The Echoes of the Mind (137-5-1) The Face

 The Face

The features of our face are hardly more than gestures which force of habit has made permanent. ~ Marcel Proust

In its sublime expressiveness, the furless face of humans is a rich source of information, the eyes especially so. The face is more than a mere window into an emotional world: it is the primary evolved channel for interpersonal communication.

Face processing in newborns is relatively well-developed and does not differ significantly from that seen in adults. ~ Italian psychologist Teresa Farroni et al

 Facial Expressions

There are no blank facial expressions. ~ Peter Anderson

As with other aspects of nonverbal communication, facial expressions are rooted in biology. That withstanding, certain facial expressions are culturally engendered, others tolerated, and some suppressed.

Infants only a few days old pay attention to objects that look like faces. By 6 months, preference for faces is pronounced. Furthermore, babies reflexively smile at faces. But an infant will not smile at a face with the eyes, or even one eye, covered.

There are 8 innate emotive facial expressions that appear to carry universal meaning: happiness, sadness, fear, anger, surprise, disgust, contempt, and embarrassment.

Facial expressions are a social phenomenon. Smiling, for instance, occurs primarily in the presence of others, not merely as a reflection of internal emotional state.

Without wearing any mask we are conscious of, we have a special face for each friend. ~ American physician and poet Oliver Wendell Holmes, Sr.

  Smiling

The more involved a person is in socially interacting the more smiles appear. The more positive the smile the more that person is esteemed. Even infants less than a year old use anticipatory smiles to share positive emotions.

Emotion does not leak out into the interpersonal world. Instead, intentions are shared, transmitted, or coordinated between faces. ~ English psychologist Brian Parkinson

A certain pattern of smiling relates to culture. Cultures may have different display rules: folkways which dictate how individuals should express themselves. Display rules are often related to social distance, which is the expectation of privacy in a social setting.

In the US and many other countries, smiling is a common gesture of good will. The relatively low baseline social trust of strangers and high social distance of white Americans is offset somewhat by smiling as a signal of ingratiation.

By contrast, Russians, with a higher sense of social trust, have a closer social distance than Amereicans. Smiling is less a necessity as a social grace.

Russian mothers report their infants more likely to exhibit negative emotions, and show lower levels of positive emotive expression, than American mothers of their babies. This may well be because Russian mothers are more themselves around their children, not putting on the smiling pretense that American mothers indulge their babies with.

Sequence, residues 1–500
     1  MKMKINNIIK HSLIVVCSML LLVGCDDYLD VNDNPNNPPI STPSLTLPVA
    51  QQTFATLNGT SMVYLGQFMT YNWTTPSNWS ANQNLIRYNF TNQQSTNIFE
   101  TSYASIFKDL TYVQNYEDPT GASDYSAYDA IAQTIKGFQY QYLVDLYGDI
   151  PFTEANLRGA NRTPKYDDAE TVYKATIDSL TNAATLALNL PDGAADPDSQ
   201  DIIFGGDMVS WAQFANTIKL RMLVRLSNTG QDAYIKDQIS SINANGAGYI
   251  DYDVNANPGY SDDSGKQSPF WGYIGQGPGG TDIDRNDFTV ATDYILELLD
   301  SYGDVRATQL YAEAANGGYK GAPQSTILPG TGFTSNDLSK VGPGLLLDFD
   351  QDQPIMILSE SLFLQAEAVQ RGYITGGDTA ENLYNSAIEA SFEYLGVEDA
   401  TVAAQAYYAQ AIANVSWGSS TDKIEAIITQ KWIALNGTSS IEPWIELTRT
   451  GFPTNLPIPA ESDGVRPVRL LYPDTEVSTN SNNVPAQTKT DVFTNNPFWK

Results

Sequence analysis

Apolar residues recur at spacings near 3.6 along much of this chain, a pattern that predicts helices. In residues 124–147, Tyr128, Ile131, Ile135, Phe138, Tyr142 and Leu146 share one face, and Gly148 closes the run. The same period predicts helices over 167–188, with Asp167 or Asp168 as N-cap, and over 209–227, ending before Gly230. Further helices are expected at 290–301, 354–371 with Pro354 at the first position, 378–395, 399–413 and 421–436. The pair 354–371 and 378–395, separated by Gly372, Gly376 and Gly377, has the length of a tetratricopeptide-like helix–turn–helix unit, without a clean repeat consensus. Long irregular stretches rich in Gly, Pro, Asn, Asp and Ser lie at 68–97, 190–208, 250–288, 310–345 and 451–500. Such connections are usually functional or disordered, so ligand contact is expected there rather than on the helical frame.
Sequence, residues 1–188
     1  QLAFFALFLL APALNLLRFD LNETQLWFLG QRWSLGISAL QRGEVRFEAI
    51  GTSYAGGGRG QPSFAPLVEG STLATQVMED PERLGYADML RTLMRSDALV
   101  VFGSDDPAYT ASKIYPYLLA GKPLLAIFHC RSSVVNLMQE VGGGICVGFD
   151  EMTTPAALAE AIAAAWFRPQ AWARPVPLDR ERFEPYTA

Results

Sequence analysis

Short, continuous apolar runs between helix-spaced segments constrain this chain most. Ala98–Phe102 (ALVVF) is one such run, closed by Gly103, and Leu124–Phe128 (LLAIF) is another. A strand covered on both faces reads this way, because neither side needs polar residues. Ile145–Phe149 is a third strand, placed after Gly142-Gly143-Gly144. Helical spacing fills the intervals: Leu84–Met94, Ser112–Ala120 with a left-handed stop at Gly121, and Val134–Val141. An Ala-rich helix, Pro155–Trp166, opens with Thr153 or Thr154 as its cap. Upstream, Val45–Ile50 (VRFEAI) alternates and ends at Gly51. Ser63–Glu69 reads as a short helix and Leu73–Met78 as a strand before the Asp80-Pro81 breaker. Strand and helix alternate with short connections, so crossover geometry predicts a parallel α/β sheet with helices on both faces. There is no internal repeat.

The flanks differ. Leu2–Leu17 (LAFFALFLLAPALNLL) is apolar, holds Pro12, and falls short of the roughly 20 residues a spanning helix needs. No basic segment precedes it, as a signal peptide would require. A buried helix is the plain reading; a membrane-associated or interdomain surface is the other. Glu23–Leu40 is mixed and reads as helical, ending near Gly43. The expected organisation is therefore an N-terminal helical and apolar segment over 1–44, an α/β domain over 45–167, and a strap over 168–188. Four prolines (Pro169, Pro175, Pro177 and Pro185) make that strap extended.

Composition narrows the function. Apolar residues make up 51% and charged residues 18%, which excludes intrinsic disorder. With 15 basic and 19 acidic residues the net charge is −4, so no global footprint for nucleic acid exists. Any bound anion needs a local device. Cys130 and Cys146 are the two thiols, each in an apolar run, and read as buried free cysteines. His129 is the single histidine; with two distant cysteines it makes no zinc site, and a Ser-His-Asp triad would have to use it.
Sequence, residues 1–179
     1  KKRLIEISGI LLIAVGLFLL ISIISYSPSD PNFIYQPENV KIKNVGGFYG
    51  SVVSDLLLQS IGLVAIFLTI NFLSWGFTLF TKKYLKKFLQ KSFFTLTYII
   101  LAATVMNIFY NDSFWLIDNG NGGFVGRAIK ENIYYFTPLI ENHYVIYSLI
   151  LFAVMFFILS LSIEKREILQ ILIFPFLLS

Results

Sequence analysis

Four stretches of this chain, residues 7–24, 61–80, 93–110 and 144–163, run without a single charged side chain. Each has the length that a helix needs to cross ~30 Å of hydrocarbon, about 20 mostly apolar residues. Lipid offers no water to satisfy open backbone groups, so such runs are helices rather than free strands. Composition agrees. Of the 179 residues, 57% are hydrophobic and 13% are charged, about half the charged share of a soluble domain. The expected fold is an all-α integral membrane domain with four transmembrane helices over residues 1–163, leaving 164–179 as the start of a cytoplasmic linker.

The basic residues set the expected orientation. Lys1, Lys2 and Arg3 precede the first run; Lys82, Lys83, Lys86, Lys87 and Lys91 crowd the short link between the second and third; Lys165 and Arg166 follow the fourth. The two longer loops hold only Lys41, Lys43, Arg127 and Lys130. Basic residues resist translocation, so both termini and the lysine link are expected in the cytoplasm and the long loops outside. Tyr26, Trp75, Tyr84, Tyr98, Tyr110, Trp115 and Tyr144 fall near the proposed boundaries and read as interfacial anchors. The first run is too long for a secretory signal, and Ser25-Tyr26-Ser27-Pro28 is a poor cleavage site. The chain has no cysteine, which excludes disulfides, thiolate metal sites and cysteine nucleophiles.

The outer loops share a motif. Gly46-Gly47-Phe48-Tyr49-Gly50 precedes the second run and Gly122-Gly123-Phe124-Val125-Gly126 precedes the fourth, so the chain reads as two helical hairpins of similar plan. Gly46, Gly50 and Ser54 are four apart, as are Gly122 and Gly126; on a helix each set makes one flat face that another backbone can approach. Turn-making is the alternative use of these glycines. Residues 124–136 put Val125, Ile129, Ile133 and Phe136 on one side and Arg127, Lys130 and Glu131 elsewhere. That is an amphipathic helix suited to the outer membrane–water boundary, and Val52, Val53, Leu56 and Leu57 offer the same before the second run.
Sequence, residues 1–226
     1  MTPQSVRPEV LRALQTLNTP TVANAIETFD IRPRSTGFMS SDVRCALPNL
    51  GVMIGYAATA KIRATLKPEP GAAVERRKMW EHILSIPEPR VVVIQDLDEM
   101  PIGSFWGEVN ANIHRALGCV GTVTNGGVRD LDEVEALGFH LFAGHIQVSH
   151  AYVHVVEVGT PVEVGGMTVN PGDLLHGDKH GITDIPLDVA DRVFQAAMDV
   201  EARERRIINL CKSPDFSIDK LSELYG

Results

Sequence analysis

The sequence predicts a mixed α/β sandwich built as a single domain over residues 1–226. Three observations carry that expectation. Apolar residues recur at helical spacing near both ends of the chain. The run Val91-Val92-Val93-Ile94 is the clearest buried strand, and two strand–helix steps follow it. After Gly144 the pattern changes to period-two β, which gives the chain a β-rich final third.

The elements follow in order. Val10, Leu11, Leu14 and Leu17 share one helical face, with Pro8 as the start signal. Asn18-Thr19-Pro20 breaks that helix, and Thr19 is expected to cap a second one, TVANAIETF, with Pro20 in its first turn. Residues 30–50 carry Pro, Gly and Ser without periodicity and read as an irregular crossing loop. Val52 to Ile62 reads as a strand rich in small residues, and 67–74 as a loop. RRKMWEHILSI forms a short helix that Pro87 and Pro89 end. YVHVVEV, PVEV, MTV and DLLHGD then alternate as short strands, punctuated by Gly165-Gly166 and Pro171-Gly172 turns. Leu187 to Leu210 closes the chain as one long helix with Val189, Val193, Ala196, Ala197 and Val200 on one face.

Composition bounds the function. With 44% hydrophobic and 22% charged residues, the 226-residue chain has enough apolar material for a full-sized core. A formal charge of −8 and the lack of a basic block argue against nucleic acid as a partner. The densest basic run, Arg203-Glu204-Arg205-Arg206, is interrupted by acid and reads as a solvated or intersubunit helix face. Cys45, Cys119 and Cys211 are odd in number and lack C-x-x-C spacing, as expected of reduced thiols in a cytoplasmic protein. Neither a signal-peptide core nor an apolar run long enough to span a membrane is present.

American offspring learn early that smiling is an important social cue: one that doesn’t necessarily reflect true feeling but serves as a social signal. Russian youngsters don’t learn that lesson about smiling.

American toddlers more likely to express positive emotions have better self-control. There is no such correlation in Russian youngsters between inclination to smile and self-control.

The payoff for smiling young Americans is considerable. American parents and teachers generally think better of grinning children. Russian caregivers don’t see any link between a kid who smiles a lot and their manners or acumen.

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Although facial expressions are primarily innate, their displays become managed through cultural upbringing. Children also learn that feigned emotion displays can be effective in certain contexts. As well they discover to discern between genuine smiles and those that are counterfeit.

Facial affect management comes via 5 display rules:

1) simulation: showing feelings when they are not felt,

2) intensification: displaying more than felt,

3) diminution: displaying less than felt,

4) inhibition: not showing what is felt, and

5) masking: covering one feeling with display of another.

Although these rules are acquired early, they are typically not mastered until adulthood, if at all.

As a product of upbringing, cultures differ in their degree of facial expressivity. Year-old Chinese babies are less emotionally expressive than Japanese, European, or American infants.

As a social norm in most cultures, part of supposed emotional maturation into adulthood is learning to lessen display of emotions. This is particularly true for men.

As freedom is a paramount value in individualistic cultures, emotive facial expressions are spontaneously displayed. In contrast, in collectivist cultures, such as in northeast Asia, facial expressions are moderated. People from collectivist cultures are also less likely to recognize certain facial expressions, especially negative ones, as display rules proscribe their production.